Journal of Nutrition and Metabolism
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Acceptance rate8%
Submission to final decision119 days
Acceptance to publication14 days
CiteScore5.200
Journal Citation Indicator0.480
Impact Factor2.2

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Journal of Nutrition and Metabolism has recently been accepted into Food Science and Technology Abstracts.

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Journal of Nutrition and Metabolism publishes original research articles and review articles covering the broad and multidisciplinary field of human nutrition and metabolism.

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Journal of Nutrition and Metabolism maintains an Editorial Board of practicing researchers from around the world, to ensure manuscripts are handled by editors who are experts in the field of study.

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Research Article

Anthropometric and Biochemical Correlations of Insulin Resistance in a Middle-Aged Maltese Caucasian Population

Background. Insulin resistance (IR) is associated with increased cardiovascular disease risk, and with increased all-cause, cardiovascular, and cancer mortality. A number of surrogate markers are used in clinical practice to diagnose IR. The aim of this study was to investigate the discriminatory power of a number of routinely available anthropometric and biochemical variables in predicting IR and to determine their optimal cutoffs. Methods. We performed a cross-sectional study in a cohort of middle-aged individuals. We used receiver operator characteristics (ROC) analyses in order to determine the discriminatory power of parameters of interest in detecting IR, which was defined as homeostatic model assessment-insulin resistance ≥2.5. Results. Both the lipid accumulation product (LAP) and visceral adiposity index (VAI) exhibited good discriminatory power to detect IR in both males and females. The optimal cutoffs were 42.5 and 1.44, respectively, in males and 36.2 and 1.41, respectively, in females. Serum triglycerides (TG) and waist circumference (WC) similarly demonstrated good discriminatory power in detecting IR in both sexes. The optimal cutoffs for serum TG and WC were 1.35 mmol/L and 96.5 cm, respectively, in men and 1.33 mmol/L and 82 cm, respectively, in women. On the other hand, systolic and diastolic blood pressure, liver transaminases, high-density lipoprotein cholesterol, serum uric acid, ferritin, waist-hip ratio, “A” body shape, thigh circumference, and weight-adjusted thigh circumference all had poor discriminatory power. Conclusions. Our data show that LAP, VAI, TG, and WC all have good discriminatory power in detecting IR in both men and women. The optimal cutoffs for TG and WC were lower than those currently recommended in both sexes. Replication studies are required in different subpopulations and different ethnicities in order to be able to update the current cut points to ones which reflect the contemporary population as well as to evaluate their longitudinal relationship with longer-term cardiometabolic outcomes.

Research Article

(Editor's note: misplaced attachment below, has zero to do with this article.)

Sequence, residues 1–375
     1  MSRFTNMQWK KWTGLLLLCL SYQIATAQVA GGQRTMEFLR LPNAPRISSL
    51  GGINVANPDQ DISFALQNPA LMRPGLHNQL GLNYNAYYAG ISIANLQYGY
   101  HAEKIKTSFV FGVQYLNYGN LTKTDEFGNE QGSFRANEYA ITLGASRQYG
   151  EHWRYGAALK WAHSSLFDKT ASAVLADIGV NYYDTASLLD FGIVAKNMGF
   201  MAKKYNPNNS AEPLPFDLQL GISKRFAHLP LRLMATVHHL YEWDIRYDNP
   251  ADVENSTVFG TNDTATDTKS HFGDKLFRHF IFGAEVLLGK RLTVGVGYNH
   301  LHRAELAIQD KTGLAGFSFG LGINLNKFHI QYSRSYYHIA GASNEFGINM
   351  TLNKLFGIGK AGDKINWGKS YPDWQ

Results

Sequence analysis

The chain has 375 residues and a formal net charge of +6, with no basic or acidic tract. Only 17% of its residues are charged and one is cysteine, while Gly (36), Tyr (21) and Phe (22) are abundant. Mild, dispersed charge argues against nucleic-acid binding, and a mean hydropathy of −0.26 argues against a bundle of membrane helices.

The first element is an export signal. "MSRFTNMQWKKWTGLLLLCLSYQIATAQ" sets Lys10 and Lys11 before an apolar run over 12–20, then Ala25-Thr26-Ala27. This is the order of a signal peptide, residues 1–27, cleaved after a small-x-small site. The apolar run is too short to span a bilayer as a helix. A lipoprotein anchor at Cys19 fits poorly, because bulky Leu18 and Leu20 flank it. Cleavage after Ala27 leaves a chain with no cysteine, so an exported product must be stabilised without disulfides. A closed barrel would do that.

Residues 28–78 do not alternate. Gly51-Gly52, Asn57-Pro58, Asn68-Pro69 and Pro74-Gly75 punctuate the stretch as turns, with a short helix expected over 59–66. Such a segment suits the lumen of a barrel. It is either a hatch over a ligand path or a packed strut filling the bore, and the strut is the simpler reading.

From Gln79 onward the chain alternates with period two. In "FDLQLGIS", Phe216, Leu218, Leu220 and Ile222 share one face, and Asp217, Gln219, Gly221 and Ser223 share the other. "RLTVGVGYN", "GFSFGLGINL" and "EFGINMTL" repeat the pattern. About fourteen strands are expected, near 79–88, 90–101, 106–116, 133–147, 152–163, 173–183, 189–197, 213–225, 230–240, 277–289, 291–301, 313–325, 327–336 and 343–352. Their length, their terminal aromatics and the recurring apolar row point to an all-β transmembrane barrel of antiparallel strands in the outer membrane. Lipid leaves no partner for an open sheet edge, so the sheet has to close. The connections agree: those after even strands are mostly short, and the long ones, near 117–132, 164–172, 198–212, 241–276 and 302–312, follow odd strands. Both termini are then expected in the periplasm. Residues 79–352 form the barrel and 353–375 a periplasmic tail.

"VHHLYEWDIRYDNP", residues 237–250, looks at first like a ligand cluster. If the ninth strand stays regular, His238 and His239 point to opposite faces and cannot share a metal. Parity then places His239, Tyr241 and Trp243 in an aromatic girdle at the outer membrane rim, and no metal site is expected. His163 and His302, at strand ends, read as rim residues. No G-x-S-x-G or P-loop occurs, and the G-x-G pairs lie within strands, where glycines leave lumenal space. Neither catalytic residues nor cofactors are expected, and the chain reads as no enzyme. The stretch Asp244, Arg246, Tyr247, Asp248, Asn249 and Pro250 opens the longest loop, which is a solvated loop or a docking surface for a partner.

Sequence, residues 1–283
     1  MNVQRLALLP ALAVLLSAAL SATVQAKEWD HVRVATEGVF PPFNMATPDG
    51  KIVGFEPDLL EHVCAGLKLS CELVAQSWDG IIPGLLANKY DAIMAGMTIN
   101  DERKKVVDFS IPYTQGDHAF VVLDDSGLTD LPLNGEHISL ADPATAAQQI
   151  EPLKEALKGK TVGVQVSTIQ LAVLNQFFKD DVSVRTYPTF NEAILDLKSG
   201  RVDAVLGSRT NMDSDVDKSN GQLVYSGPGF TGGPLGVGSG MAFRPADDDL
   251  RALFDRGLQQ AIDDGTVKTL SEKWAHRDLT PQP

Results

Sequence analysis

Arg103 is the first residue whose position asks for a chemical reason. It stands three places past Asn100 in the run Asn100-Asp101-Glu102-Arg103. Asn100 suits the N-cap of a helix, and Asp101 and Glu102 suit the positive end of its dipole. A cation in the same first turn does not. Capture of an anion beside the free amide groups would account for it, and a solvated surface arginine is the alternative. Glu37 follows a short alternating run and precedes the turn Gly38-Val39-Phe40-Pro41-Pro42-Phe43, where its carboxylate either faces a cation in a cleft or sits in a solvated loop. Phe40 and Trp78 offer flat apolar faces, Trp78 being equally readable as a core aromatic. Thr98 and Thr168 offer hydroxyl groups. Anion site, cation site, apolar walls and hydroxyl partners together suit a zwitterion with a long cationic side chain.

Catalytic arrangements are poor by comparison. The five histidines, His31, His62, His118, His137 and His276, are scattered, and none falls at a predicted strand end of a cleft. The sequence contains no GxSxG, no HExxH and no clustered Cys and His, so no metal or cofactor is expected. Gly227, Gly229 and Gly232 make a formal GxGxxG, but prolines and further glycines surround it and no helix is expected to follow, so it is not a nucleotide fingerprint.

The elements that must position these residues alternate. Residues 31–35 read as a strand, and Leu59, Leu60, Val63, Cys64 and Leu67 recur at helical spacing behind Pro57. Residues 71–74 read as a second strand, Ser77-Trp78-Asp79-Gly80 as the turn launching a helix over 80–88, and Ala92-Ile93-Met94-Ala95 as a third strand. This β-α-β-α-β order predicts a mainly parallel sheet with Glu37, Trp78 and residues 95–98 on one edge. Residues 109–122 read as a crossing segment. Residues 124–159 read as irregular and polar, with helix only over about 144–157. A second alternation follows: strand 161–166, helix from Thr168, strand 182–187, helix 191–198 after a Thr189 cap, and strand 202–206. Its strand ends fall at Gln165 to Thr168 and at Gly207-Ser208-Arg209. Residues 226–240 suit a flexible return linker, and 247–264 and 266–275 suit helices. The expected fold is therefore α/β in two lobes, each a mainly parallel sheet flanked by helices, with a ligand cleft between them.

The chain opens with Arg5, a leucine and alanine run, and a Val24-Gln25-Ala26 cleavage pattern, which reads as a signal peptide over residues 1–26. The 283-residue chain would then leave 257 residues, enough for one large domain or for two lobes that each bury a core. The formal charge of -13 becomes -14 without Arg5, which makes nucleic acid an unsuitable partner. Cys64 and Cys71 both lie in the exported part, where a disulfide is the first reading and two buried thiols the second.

Efficacy of Hot Tea Infusion vs. Ethanolic Extract of Moringa oleifera for the Simultaneous Treatment of Nonalcoholic Fatty Liver, Hyperlipidemia, and Hyperglycemia in a Murine Model Fed with a High-Fat Diet

Moringa oleifera (MO) is a native tree of Asia and is cultivated in some areas of Mexico as part of traditional horticulture. The aim of the present study was to compare the efficacy of MO infusion vs. MO ethanolic extract for the simultaneous treatment of nonalcoholic fatty liver (NAFLD), hyperlipidemia, and hyperglycemia in a murine model fed with a high-fat diet (HFD). BALB/c mice were fed a balanced diet (healthy control) or an HFD for 6 months. With this, the NAFLD model was established before starting a therapeutic intervention with MO for two months. The phytochemical analysis by nuclear magnetic resonance in 1H and 13C experiments showed signals for pyrrole alkaloids and triterpenes as the main constituents of the extract and infusion preparation. A significant reduction of SGPT, SGOT, lipids, urea, and glucose in blood among NAFLD groups treated with MO (infusion or extract) was found, when compared to the NAFLD-placebo group. Steatosis and liver inflammation were found to be decreased in the MO groups, as infusion or ethanolic extract. Infusion produced a better therapeutic effect than the extract in all parameters, except glycemic control, where the extract was better. As an additional finding, it is noteworthy that treatment with MO, particularly through infusion, resulted in improved motor activity. Moreover, a reduction in anxiety-like behavior was observed exclusively with the administration of infusion. These observations provide valuable insights into the potential broader effects of Moringa oleifera beyond the primary aim of the study.

Research Article

Associations between Components of Metabolic Syndrome and Demographic, Nutritional, and Lifestyle Factors

Objectives. To evaluate the associations between individuals with and without changes in components of metabolic syndrome (MetS) and demographic, nutritional, and lifestyle factors. Methods. A cross-sectional study was conducted with 224 individuals followed-up at a public hospital in Northeast Brazil. We used National Cholesterol Education Program-Adult Treatment Panel III (NCEP) criteria to diagnose MetS. We assessed components of MetS as dependent variables, while sex, age, food consumption, smoking, alcohol intake, physical activity, anthropometric parameters, and sleep hours were independent variables. Results. Comparing individuals with and without changes in components of MetS, the logistic regression models revealed that female sex was predictive of increased waist circumference and low HDL-c levels while advanced age was predictive of increased blood pressure and blood glucose levels. BMI emerged as a predictor for waist circumference and a protective factor for triglyceride levels. In addition, potassium intake, physical activity, and sleep duration were protective against decreased HDL-c, elevated triglyceride, and elevated blood pressure levels, respectively. Conclusion. This study demonstrated that sex, age, BMI, dietary potassium intake, physical activity, and hours of sleep are factors to be targeted in public health actions for prevention and treatment of MetS.